Growing up in Philadelphia in the 70s meant Bruce Springsteen was a part of my life. I’ll always remember a fan in a promotional radio b-roll clip from one of the classic rock stations saying excitedly, definitively, “He’s the best, he’s Bruce. . . He’s the Boss!”
One of the earliest albums I bought was Greetings From Asbury Park, NJ. My high school girlfriend’s older brother saw every show of his he could. I loved the Beatles most as a kid, but I’ve come to appreciate Bruce more over the years. I don’t know anyone else who does anything like him, so raw, open, and honest, yet able to fill stadiums for weeks on end—not in music anyway. Maybe Muhammad Ali. If Woody Allen kept making movies at the Annie Hall level? Fellini? Malcolm X? I’m sure there are others that did the same but didn’t speak to me as personally. Billy Holiday?
I didn’t know his show Springsteen on Broadway was on TV. I watched it and couldn’t believe what I saw—how touching, personal, and meaningful a rock star could make a show. He spoke and sang so personally, the performance defied what I could imagine anyone expecting.
The New York Times review, ‘Springsteen on Broadway’ Reveals the Artist, Real and Intense, described it well so I won’t try. Besides, you can watch it.
Wikipedia summarized critical reactions:
The New York Times said “as portraits of artists go, there may never have been anything as real—and beautiful—on Broadway”. Rolling Stone noted “it is one of the most compelling and profound shows by a rock musician in recent memory”. The Guardian observed “there’s a fragility and a new light cast on the songs and his relationship with Scialfa, as if he stands in her emotional shadow”. Variety reported the show “is as much a self-made monument to its master’s vision and hurricane-force ambition as it is to his life and career, and it bears the mark of a self-made man who’ll write his own history”.
On June 10, 2018, Springsteen received a special Tony Award for Springsteen on Broadway.
In his words:
I wanted to do some shows that were as personal and as intimate as possible. I chose Broadway for this project because it has the beautiful old theaters which seemed like the right setting for what I have in mind. In fact, with one or two exceptions, the 960 seats of the Walter Kerr Theatre is probably the smallest venue I’ve played in the last 40 years. My show is just me, the guitar, the piano and the words and music. Some of the show is spoken, some of it is sung. It loosely follows the arc of my life and my work. All of it together is in pursuit of my constant goal to provide an entertaining evening and to communicate something of value.
Why the title of this blog post: The Joshua Spodek Show?
I’m writing in the throes of inspiration to stop holding back important parts of my life. People keep asking more about me, what motivates me so much to what they see as extreme, but seems normal to me.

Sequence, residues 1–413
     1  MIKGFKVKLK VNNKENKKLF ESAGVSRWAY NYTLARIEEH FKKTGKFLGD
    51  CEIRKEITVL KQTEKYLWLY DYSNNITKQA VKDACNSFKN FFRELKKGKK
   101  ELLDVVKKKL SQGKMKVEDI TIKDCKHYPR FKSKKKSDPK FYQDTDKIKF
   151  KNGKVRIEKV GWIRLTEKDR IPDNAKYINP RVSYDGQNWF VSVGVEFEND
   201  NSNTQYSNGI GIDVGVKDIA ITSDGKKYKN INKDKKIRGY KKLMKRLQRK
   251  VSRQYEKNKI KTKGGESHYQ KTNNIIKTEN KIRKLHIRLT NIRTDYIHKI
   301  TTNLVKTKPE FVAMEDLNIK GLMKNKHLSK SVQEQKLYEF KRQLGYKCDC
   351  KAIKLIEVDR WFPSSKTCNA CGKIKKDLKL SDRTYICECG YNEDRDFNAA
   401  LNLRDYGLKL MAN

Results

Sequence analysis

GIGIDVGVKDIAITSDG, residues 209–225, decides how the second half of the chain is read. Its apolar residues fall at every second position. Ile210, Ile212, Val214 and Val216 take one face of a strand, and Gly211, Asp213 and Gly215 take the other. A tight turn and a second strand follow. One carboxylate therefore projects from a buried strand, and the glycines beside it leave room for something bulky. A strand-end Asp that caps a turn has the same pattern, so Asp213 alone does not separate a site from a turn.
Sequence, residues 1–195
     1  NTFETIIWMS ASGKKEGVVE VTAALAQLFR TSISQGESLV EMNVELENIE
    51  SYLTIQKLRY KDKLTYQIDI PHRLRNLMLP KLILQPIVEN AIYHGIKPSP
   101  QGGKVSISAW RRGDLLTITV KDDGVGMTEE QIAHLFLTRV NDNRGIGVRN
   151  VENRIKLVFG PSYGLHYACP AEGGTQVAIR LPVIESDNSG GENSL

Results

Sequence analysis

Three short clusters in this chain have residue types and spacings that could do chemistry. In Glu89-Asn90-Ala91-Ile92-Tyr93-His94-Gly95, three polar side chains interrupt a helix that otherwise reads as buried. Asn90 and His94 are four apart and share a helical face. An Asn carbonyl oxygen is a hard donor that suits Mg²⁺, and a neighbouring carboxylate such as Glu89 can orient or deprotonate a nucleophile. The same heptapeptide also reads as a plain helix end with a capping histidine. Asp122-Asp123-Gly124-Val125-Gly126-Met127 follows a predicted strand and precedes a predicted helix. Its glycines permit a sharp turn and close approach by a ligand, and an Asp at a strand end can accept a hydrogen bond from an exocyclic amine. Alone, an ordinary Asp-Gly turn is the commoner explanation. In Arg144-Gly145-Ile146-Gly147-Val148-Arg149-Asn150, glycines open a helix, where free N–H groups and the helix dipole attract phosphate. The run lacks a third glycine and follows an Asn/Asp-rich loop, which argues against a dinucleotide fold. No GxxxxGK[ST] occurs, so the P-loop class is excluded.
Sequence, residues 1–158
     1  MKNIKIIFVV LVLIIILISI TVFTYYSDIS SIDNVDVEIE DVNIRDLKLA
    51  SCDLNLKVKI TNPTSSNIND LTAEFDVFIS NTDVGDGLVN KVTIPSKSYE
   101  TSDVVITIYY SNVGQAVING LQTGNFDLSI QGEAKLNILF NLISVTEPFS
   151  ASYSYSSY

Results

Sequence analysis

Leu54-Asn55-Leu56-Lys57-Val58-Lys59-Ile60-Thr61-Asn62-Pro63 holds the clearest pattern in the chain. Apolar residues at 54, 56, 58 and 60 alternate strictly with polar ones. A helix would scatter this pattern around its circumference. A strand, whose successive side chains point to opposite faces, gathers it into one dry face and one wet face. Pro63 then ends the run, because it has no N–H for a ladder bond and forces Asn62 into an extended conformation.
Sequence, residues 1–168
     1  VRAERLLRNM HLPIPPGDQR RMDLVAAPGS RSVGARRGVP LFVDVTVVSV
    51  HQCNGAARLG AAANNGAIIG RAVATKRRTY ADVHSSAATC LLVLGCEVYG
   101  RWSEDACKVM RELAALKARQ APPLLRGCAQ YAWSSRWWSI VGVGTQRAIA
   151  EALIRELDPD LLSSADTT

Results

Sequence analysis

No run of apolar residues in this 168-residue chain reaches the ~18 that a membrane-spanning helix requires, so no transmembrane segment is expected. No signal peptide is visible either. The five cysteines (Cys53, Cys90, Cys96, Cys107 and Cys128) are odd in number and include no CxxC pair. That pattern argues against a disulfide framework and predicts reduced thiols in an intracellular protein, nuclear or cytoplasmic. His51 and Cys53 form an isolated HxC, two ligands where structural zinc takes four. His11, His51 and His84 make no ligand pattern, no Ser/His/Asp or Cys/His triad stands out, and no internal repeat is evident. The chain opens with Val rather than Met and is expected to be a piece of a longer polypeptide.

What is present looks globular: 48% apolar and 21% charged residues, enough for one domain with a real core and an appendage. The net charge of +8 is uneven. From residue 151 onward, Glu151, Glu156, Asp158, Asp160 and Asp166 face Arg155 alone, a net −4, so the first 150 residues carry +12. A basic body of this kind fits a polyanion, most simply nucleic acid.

My paychecks from NYU and the corporate world kept me from sharing about the sex, drugs, and rock and roll. Meanwhile, the more I shared, in drips and drabs, the more people appreciated what I shared. Sharing intimate parts of my life led to more coaching clients seeking more rebirth and growth. I haven’t considered these hidden parts meaningful since I thought everyone lived their versions, but I loved hearing Bruce share his on Broadway and realized I loved hearing him share himself his whole life.
Meanwhile, the virus decimated my speaking and workshop business despite it revealing the world’s catastrophic lack of environmental leadership. NYU’s culture of academic, theoretical, compliance-based education increasingly clashes with my active, experiential, project-based way of teaching they give lip service to but don’t practice.
What have I got to lose?
Restoring nature requires change on his scale. Can I do it? I don’t know, but not by holding back.
Last year a couple volunteers who helped with my podcast persuaded me to change the podcast name to the Joshua Spodek Show. I held back because I considered the overlapping topics of leadership and the environment the foreground and myself the background.
For that matter, I sat down years ago to tell my mom, sister, and others close to me about my partying, the girls, and how influential they were in making me me. Nobody had a problem. I still held back.
Springsteen on Broadway led me to say fuck it and share myself. I’ll follow the advice of people who believed in me and the mission that’s swept me up and change the podcast name. I have to figure out how in WordPress and the podcast hosting site so it might take a while. I’m not sure if I’ll try to figure out how to start or just dive in and scuttle my ships like Cortes.
I hope I don’t fuck up. Wish me luck.